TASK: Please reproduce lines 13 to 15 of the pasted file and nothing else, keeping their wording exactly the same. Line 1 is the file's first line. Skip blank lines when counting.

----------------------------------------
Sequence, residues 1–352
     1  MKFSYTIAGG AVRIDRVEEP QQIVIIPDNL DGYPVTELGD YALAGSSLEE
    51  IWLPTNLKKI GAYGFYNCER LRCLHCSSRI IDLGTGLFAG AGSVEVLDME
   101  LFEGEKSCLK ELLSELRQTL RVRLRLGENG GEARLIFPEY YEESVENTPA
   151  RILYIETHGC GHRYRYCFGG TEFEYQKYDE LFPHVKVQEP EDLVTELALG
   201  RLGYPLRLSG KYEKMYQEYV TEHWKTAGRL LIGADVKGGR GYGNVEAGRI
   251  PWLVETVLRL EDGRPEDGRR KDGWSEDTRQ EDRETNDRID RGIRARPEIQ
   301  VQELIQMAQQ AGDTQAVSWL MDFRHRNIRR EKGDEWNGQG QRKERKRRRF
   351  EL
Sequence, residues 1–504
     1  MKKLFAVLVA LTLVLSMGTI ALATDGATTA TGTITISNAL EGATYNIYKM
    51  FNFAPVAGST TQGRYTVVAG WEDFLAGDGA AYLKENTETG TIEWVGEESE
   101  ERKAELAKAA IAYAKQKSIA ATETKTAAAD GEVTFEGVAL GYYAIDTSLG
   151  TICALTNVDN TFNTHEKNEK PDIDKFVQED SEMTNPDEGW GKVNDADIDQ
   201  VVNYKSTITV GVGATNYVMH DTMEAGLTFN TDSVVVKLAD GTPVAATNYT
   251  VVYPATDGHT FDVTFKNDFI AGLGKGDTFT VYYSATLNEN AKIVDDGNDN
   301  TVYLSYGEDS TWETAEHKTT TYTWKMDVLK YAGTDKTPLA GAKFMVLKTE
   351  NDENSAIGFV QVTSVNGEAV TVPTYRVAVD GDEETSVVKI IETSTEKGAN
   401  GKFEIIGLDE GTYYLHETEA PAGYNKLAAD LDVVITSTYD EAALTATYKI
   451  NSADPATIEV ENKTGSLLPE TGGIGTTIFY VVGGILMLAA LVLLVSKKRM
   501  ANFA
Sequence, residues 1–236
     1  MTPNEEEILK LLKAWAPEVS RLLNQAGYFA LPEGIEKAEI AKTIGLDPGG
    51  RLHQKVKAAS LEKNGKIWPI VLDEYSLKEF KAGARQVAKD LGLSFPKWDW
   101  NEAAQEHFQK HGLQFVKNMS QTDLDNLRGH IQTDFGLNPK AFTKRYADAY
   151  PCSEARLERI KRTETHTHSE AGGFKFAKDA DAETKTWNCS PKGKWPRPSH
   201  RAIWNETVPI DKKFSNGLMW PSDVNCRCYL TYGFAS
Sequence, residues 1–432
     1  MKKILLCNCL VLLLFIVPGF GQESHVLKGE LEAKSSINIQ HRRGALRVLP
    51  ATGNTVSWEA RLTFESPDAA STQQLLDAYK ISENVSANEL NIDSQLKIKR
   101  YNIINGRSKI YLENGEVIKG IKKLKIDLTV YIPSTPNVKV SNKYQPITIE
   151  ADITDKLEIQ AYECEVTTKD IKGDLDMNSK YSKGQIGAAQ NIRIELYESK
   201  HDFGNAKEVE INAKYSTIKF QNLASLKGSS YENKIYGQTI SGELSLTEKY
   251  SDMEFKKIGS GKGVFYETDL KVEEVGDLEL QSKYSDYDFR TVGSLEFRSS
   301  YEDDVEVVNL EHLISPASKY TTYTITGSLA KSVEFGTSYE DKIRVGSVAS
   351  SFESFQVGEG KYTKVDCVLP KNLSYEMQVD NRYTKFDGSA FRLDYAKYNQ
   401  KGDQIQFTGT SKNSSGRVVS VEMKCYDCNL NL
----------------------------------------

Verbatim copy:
   101  ERKAELAKAA IAYAKQKSIA ATETKTAAAD GEVTFEGVAL GYYAIDTSLG
   151  TICALTNVDN TFNTHEKNEK PDIDKFVQED SEMTNPDEGW GKVNDADIDQ
   201  VVNYKSTITV GVGATNYVMH DTMEAGLTFN TDSVVVKLAD GTPVAATNYT